Anyway we are making progress, slow but sure. Eventually we are hoping we can even let them out together. But I am sure it will take quite awhile. I am not sure we won't have casualties, but I am hoping that with close supervision they will eventually decide the chickens are part of their flock.

They are now moved into a larger coup down in the lower yard. The dogs and they spent this weekend and today together with no problems. Even last night I accidentally let one out and the dogs didn't even chase it! What a relief.

I am already seeing many of what I think of as flock acceptance behaviors, the dropped head and ears, the soft walk, blatantly ignoring/looking away from them, and placing themselves in downed "dog statue" guarding positions where they can see the birds, and they are no longer focusing on the birds, but looking outward for threats. I think there is hope, but the next ASD I own will be started with fowl as a pup!

Thanks to all for so much information about livestock introduction. I think we actually have a decent chance at succeding due to all your wonderful suggestions. An especial thanks to Jennifer Floyd, Janice Frasche, and Jenny Ryan (Ratites, etc.) who gave me a lot of great suggestions, but better yet, living proof that ASDs can be good fowl guardians.

And now I can add chickens to my signature file... Camilla - a white leghorn Jon calls "White One", a light red one (odd breed that I can't remember) we call "Lucy" and her little friend "Red" the Rhode Island Red.

Julie Adams

I don't want a vicious dog, but still want my LGD to be protective. What should I do when strangers come over?

My question is, after you acknowledge a stranger and tell the dog
it is allright, how can you get her to stop barking without
giving them the impression that guarding is not good.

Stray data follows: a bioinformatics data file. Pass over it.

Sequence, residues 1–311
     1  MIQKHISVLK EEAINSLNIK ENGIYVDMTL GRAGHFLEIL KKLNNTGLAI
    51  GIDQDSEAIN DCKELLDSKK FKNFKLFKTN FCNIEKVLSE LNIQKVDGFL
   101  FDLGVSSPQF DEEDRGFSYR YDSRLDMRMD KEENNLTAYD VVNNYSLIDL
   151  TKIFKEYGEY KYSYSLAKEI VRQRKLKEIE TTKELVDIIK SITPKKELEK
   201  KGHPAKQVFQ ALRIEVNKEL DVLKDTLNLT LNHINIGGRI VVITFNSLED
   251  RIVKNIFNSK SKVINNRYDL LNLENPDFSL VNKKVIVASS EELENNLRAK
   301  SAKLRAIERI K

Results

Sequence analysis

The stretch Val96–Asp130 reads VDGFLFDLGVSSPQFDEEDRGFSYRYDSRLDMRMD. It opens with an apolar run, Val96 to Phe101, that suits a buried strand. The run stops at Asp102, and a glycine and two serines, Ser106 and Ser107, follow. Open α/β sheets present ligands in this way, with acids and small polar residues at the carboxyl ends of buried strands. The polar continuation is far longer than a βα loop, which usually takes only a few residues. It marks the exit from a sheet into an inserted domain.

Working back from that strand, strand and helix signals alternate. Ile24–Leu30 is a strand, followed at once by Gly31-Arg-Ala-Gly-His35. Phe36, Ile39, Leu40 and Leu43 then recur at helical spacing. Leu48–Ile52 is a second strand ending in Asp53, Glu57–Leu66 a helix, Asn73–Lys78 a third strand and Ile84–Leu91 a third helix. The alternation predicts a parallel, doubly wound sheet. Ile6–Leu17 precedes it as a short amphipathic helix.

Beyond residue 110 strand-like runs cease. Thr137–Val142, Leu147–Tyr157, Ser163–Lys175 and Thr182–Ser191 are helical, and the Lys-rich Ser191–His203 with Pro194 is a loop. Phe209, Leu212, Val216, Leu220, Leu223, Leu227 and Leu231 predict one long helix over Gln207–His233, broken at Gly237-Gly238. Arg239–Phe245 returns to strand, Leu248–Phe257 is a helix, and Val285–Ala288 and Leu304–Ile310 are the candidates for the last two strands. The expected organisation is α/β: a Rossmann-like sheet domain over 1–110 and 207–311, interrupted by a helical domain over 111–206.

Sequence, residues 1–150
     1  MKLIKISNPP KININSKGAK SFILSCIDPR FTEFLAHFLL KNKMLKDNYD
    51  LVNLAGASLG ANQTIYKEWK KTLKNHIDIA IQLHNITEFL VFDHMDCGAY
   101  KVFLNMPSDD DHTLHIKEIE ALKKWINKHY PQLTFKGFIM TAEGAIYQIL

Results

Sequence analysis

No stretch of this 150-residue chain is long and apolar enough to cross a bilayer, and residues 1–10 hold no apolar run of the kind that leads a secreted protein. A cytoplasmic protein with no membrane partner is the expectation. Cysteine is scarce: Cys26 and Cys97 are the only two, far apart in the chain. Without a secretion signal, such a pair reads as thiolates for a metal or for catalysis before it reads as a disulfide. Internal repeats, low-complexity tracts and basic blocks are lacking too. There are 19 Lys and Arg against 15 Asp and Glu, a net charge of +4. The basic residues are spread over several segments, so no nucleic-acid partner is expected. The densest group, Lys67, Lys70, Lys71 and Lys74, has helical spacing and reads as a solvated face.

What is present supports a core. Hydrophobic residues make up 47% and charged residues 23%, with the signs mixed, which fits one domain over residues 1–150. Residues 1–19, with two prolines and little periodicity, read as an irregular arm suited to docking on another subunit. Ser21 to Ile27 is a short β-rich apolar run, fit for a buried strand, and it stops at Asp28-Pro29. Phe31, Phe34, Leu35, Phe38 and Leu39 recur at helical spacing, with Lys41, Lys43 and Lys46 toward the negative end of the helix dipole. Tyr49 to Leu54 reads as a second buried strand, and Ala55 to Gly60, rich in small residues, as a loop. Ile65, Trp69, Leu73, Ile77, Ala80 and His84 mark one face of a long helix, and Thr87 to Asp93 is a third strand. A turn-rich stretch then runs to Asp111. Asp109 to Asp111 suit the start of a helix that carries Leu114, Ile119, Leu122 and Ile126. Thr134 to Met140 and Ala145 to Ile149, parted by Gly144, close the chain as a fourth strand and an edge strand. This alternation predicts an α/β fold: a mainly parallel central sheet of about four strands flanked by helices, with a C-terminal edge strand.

There are two issues here: one is announcing strangers (step one in the guarding process); the other is acknowledging you as Alpha.

In my guardian pairs, the mentor or alpha dog always decides WHAT to bark at, and WHEN to bark. The other dog(s) get knocked to the ground if they usurp the Alpha's rights. Rather than resent this, they learn quickly and respect the Alpha's rights.

Once the stranger has been announced, and you tell her "thank you" (mild praise for the announcement), and introductions have taken place, your next command to your dog is "enough!" This is the time for her to acknowlege your role as Alpha - which she won't of course, since you haven't established that. If she continues to rumble and bark, force her into a quick sit - right hand on collar, pulling up, left hand behind stifles (the bend of the hind legs) pressing inward. Quickly straddle her with one hand on her collar at her throat, the other holding her muzzle with mouth closed. Growl "Enoooouuuughh!" at her. Hold her securely if she struggles - and she will - with your legs and hands. If you feel her getting the better of you, move your hand from her throat to her chest and raise her up so her front legs are off the ground, but her body is still supported by yours. Do not release her until she calms down and stops rumbling. One owner reported the first such struggle took a half hour! But subsequent ones were much shorter, eventually became token resistance then stopped completely.

The major mistake most owners make is to continue to "reassure" and praise the dog when it is barking or growling. The reason I use "thank you" as my mild praise is that it's specific to that situation - announcing visitors - and does not constitute approval of further behavior. When the dog pays attention to the "enough!" command, no praise follows - the "enough!" is a bark of correction on your part.

Good luck.

- Catherine de la Cruz

I heard a 'dangle stick' will keep my young dog from chasing and playing with the stock.